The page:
Governor Gavin Newsom has been under fire from many Californians for his response to Covid-19. In fact, a petition was created by some of the public to recall him from office. Recently, it has gained enough signatures to put his recall on the ballot.
According to a UC Berkeley Institute of Governmental Studies poll that was co-sponsored by the L.A. Times in May, 36 percent of those surveyed would vote to recall Newsom and 52 percent of those would vote no. Fifteen percent are still unsure.
These results reflect the feelings of California voters, but what do Palo Alto High School students, including some new voters, think about the upcoming gubernatorial election?
Support for Newsom
Considering that the majority of the Paly student population is liberal, it is unsurprising that most students oppose the recall effort.
“I do not support this push to recall him because it’s unnecessary,” Paly senior Ben Norton said. “He’s done a pretty good job of managing an unprecedented situation and the reason that many of the people who signed the petition did was because … people are reacting, instead of thinking and then responding.”
Rohin Ghosh, Paly senior and legislative director of the California High School Democrats, the official student wing of the California Democratic Party, is also against the recall.
“The recall is an effort by the radical right wing and extremely conservative business interests to get rid of a governor who is sometimes hostile to them, and sometimes is at least receptive to their opponents,” Ghosh said.
Sophomore Rebecca Helft has not developed an opinion on the issue yet.
“When it comes to state-mandated policies and how the government responded to COVID, I think California did a pretty excellent job … so … I think the government under his [Newsom’s] leadership did excellent,” Helft said. “However I think, going to the French Laundry during one of those weeks where it was really important that everyone stayed home is … kind of ethically wrong. I don’t think that necessarily means he’s a bad leader but it’s definitely something that isn’t okay and he should have to have some consequences for it.”
A variety of other candidates have thrown their hats into the ring, most of whom are affiliated with the Republican Party. One of the more prominent candidates is Caitlyn Jenner, former Olympic runner and reality television star. Others in the running include John H. Cox (R), Brian Domingo (R), Kevin Faulconer (R), and Doug Ose (R).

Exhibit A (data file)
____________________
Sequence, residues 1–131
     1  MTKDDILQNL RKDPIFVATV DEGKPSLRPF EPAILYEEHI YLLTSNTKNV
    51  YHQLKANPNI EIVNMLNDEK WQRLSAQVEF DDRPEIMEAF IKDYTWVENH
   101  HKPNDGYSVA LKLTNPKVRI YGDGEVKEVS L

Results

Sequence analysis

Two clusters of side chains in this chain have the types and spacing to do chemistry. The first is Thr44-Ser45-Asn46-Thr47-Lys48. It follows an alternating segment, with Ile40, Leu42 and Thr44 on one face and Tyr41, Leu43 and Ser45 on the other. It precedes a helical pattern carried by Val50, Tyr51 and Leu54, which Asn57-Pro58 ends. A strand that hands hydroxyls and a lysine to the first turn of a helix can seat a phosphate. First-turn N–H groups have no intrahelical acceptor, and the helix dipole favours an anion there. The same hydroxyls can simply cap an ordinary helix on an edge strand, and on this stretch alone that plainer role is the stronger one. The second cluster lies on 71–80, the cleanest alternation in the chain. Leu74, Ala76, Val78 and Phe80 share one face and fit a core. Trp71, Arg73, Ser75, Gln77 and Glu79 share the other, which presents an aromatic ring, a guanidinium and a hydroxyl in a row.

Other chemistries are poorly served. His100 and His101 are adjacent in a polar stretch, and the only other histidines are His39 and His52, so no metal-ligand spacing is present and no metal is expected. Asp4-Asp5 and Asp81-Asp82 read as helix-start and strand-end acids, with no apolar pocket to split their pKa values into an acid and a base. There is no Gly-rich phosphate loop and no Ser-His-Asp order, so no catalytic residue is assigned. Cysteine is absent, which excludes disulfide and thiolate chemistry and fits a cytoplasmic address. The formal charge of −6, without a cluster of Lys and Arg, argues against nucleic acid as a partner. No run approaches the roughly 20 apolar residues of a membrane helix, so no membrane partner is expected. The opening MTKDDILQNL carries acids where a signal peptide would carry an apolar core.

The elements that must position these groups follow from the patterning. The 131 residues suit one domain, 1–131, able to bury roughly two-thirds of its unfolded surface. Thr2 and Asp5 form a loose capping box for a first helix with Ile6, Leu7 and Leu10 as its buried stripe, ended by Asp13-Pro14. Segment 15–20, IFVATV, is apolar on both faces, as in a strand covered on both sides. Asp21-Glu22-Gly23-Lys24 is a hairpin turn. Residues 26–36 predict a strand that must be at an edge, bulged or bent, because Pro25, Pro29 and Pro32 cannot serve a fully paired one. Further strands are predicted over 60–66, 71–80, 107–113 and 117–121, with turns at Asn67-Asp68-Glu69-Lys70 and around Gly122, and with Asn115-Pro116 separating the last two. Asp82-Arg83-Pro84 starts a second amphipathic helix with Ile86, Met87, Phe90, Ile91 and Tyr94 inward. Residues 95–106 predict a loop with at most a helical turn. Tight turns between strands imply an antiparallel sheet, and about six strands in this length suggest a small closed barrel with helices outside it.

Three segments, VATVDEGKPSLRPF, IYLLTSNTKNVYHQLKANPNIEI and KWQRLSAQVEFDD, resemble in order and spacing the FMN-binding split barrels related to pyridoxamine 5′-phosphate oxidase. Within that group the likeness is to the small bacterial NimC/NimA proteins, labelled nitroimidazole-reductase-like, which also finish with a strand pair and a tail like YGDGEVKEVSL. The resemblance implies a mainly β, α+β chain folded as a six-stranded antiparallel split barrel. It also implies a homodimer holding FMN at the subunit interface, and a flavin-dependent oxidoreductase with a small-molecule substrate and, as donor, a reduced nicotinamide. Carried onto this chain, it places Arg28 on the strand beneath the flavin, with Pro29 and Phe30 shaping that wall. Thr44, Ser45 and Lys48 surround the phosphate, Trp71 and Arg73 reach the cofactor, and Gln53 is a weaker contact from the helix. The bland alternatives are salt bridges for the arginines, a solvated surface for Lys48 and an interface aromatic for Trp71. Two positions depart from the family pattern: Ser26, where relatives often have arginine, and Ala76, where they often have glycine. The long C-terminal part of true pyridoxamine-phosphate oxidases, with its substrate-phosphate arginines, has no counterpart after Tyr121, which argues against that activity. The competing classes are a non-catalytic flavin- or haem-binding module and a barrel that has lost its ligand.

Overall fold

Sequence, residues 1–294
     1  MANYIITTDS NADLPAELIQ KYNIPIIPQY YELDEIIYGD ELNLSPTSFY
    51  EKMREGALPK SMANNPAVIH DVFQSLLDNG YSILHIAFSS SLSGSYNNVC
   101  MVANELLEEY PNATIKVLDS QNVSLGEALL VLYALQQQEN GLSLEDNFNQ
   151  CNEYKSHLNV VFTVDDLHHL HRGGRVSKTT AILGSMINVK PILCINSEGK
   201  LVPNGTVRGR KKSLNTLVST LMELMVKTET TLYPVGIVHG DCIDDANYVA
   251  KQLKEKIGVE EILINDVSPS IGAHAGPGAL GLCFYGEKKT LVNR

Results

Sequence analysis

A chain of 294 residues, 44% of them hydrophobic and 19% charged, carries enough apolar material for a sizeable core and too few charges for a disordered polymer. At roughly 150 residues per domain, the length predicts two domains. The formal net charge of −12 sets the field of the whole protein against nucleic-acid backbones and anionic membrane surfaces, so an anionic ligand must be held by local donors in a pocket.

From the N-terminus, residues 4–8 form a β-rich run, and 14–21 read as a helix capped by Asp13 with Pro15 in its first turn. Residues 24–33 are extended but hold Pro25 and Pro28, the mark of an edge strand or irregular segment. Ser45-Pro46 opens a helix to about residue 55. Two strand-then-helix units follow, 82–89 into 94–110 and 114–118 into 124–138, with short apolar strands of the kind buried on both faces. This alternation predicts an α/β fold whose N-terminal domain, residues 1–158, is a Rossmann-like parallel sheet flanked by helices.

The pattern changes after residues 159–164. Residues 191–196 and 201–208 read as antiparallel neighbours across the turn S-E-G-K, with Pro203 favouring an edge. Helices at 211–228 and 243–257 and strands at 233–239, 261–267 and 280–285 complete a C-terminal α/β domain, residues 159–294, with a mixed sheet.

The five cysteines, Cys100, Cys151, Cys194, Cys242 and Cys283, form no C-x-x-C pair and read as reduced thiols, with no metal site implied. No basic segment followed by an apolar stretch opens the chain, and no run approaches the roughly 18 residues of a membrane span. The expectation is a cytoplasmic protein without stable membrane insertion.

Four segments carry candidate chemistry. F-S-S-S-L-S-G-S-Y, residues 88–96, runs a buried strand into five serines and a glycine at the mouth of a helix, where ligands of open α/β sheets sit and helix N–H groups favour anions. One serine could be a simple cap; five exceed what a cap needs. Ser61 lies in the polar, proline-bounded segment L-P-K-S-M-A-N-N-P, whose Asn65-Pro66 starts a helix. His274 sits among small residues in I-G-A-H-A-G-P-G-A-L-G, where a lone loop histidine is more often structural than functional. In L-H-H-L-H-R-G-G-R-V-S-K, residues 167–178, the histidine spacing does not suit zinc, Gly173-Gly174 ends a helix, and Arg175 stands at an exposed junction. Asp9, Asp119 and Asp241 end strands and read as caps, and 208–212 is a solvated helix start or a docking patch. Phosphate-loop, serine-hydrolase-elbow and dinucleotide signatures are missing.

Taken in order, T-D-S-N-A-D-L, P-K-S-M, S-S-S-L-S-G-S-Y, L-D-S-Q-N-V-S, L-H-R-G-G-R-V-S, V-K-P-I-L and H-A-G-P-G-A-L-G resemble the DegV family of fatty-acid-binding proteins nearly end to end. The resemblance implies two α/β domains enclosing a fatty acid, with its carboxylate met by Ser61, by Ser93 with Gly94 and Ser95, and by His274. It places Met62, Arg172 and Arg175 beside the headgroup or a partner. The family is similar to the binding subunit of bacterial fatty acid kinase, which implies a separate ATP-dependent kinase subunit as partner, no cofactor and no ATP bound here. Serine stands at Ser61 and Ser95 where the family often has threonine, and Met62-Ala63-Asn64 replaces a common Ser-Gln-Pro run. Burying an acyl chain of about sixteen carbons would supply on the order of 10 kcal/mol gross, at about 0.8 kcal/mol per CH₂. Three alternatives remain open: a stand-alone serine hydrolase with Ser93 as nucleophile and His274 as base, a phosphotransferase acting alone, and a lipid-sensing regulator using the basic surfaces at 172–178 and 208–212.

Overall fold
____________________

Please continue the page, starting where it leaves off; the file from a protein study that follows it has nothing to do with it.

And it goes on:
Despite the large battleground, none of these candidates appeal to Norton, partly because of their ties to the Republican Party.
“From what I know right now, I don’t think I would support any of them over Newsom,” Norton said. “My political views are more in line with those of the Democratic Party than those of the Republican Party.”
Ghosh agrees with Norton that Newsom is the most fitting for the position. In addition, he argues that the other candidates will not act in the best interest for the people of California.
“All of these replacement candidates are people who either espouse really far right views or have a track record in government of being just run of the mill Republicans, and who do not govern in the best interests of marginalized communities, but who govern in the best interests of wealthy white residents and big businesses,” Ghosh said. “I think all of them are bad.”
Will Newsom be recalled?
Although it is not clear how all students personally feel about the recall effort, they then predicted how the public will vote.
“I think that Gavin Newsom will stay governor,” Helft said.
Norton agrees, but believes that the governor needs to be cautious.
“I do not think that he is going to get recalled, unless he makes some big mistakes between now and the election,” Norton said.